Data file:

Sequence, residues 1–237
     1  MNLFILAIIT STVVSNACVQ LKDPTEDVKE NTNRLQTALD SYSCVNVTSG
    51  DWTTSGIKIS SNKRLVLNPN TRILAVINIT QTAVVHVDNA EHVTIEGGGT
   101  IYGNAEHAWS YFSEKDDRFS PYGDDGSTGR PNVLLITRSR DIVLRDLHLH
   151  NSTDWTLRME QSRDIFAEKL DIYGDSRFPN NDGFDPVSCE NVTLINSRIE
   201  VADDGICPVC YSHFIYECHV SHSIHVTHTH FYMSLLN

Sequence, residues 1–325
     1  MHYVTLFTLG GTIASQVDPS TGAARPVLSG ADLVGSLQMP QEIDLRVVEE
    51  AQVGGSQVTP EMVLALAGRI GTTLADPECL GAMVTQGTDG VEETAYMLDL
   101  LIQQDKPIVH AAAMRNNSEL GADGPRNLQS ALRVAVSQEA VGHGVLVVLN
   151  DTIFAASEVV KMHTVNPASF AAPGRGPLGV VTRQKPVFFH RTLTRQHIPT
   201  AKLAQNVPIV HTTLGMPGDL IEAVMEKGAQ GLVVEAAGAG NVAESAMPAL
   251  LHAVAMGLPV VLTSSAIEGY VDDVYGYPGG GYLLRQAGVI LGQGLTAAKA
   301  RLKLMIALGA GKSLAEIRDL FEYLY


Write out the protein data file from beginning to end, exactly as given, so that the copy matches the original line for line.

Sequence, residues 1–237
     1  MNLFILAIIT STVVSNACVQ LKDPTEDVKE NTNRLQTALD SYSCVNVTSG
    51  DWTTSGIKIS SNKRLVLNPN TRILAVINIT QTAVVHVDNA EHVTIEGGGT
   101  IYGNAEHAWS YFSEKDDRFS PYGDDGSTGR PNVLLITRSR DIVLRDLHLH
   151  NSTDWTLRME QSRDIFAEKL DIYGDSRFPN NDGFDPVSCE NVTLINSRIE
   201  VADDGICPVC YSHFIYECHV SHSIHVTHTH FYMSLLN

Sequence, residues 1–325
     1  MHYVTLFTLG GTIASQVDPS TGAARPVLSG ADLVGSLQMP QEIDLRVVEE
    51  AQVGGSQVTP EMVLALAGRI GTTLADPECL GAMVTQGTDG VEETAYMLDL
   101  LIQQDKPIVH AAAMRNNSEL GADGPRNLQS ALRVAVSQEA VGHGVLVVLN
   151  DTIFAASEVV KMHTVNPASF AAPGRGPLGV VTRQKPVFFH RTLTRQHIPT
   201  AKLAQNVPIV HTTLGMPGDL IEAVMEKGAQ GLVVEAAGAG NVAESAMPAL
   251  LHAVAMGLPV VLTSSAIEGY VDDVYGYPGG GYLLRQAGVI LGQGLTAAKA
   301  RLKLMIALGA GKSLAEIRDL FEYLY